Other than that, we are using PostgreSQL as our main SQL store as a replacement for all the MSSQL databases that we have. Not only does it have great support through RDS (small ops team), but it also has some great ways for us to migrate off RDS to managed EC2 instances down the line if we need to.
PostgreSQL combines the best aspects of traditional SQL databases such as reliability, consistent performance, transactions, querying power, etc. with the flexibility of schemaless noSQL systems that are all the rage these days. Through the powerful JSON column types and indexes, you can now have your cake and eat it too! PostgreSQL may seem a bit arcane and old fashioned at first, but the developers have clearly shown that they understand databases and the storage trends better than almost anyone else. It definitely deserves to be part of everyone's toolbox; when you find yourself needing rock solid performance, operational simplicity and reliability, reach for PostgresQL.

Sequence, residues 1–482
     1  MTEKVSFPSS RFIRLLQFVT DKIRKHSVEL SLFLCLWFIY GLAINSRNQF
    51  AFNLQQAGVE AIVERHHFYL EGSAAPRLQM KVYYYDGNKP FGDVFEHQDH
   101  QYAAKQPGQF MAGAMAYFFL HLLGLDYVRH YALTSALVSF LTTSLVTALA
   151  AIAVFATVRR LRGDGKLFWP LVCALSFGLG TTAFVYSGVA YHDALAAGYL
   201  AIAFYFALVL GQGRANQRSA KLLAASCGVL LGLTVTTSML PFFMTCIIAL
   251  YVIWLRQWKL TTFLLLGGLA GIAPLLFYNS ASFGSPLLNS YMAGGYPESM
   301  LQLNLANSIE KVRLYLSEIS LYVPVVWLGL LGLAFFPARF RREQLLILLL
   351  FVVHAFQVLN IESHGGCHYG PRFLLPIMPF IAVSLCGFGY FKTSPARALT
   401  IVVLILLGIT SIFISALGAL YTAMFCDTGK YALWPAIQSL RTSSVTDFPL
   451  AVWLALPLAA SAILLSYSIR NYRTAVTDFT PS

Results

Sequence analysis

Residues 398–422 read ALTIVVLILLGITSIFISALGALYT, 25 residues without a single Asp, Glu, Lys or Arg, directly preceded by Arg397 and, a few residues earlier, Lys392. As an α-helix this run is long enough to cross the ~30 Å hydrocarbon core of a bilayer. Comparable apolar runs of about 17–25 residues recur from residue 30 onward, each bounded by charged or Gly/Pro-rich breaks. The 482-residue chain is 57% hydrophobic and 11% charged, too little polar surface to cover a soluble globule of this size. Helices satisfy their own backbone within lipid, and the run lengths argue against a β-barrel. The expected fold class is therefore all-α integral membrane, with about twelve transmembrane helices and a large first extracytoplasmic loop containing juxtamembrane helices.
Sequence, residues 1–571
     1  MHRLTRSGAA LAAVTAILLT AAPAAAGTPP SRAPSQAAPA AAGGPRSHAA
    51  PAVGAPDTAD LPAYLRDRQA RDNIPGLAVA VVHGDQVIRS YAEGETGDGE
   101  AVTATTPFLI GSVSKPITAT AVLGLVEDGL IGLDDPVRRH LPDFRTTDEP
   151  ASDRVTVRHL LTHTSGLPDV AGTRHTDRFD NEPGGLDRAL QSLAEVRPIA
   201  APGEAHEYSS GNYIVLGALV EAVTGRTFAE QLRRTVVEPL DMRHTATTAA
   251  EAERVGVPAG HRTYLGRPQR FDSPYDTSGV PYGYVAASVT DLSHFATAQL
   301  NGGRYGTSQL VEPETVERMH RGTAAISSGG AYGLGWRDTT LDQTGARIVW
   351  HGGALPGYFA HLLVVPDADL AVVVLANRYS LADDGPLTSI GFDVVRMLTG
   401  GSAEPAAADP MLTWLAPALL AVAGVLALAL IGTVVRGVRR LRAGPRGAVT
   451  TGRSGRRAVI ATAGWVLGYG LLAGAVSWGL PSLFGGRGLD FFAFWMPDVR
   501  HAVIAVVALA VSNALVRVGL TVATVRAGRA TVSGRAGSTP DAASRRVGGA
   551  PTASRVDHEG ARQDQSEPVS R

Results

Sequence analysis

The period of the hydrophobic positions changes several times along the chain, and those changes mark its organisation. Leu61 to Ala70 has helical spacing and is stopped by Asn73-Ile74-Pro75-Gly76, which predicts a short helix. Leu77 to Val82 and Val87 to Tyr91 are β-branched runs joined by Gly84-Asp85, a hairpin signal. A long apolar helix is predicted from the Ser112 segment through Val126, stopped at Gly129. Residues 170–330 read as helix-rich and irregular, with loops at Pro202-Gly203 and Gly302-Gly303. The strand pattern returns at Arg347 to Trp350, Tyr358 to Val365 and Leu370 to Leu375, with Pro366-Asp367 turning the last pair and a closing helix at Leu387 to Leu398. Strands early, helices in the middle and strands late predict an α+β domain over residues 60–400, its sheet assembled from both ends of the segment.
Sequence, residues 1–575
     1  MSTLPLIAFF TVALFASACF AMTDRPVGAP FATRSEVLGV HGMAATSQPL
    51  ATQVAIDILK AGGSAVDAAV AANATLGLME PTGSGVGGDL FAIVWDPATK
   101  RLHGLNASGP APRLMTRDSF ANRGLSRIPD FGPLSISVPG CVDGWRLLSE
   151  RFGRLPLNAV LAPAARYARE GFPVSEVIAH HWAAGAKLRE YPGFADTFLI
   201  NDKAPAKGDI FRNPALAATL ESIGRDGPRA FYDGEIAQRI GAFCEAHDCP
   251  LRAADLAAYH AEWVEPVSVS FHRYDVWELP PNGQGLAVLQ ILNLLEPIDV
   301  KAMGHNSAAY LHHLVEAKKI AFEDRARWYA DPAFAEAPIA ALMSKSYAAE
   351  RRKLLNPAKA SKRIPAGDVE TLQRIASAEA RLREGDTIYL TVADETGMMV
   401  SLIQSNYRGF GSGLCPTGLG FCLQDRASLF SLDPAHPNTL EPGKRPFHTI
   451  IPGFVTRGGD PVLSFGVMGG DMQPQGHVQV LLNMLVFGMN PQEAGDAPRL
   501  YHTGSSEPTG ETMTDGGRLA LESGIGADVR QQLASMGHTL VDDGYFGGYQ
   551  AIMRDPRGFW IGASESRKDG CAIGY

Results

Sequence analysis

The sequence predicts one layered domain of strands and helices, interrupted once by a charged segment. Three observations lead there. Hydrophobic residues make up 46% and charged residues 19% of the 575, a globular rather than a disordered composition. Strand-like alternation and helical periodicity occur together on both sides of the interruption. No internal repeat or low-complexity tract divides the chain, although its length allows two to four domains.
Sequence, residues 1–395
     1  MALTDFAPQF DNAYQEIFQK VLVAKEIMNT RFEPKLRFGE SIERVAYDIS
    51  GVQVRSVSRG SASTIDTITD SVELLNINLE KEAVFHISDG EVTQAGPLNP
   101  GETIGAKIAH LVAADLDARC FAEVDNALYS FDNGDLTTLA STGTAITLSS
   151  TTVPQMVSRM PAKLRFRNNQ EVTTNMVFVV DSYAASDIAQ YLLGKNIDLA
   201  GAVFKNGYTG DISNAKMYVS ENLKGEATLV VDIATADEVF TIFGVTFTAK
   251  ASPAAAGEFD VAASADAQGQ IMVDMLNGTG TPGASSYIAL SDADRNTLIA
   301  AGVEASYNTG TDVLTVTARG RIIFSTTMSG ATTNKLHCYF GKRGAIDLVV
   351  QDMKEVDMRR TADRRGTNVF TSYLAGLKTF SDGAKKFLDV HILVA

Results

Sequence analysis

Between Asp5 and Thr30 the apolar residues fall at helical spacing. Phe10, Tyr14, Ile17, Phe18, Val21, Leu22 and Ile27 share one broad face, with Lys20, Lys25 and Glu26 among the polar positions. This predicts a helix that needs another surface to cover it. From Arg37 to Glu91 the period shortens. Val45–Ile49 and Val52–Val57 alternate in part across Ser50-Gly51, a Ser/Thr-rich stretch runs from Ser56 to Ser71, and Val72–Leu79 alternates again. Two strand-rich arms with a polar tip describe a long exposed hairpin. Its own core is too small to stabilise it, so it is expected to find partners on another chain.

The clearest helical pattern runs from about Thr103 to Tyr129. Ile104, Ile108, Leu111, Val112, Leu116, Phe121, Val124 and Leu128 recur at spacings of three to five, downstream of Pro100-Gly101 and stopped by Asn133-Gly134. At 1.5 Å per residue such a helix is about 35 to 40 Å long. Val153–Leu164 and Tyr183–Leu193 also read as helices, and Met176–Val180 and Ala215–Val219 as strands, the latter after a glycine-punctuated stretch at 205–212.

Relational data stores solve a lot of problems reasonably well. Postgres has some data types that are really handy such as spatial, json, and a plethora of useful dates and integers. It has good availability of indexing solutions, and is well-supported for both custom modifications as well as hosting options (I like Amazon's Postgres for RDS). I use HoneySQL for Clojure as a composable AST that translates reliably to SQL. I typically use JDBC on Clojure, usually via org.clojure/java.jdbc.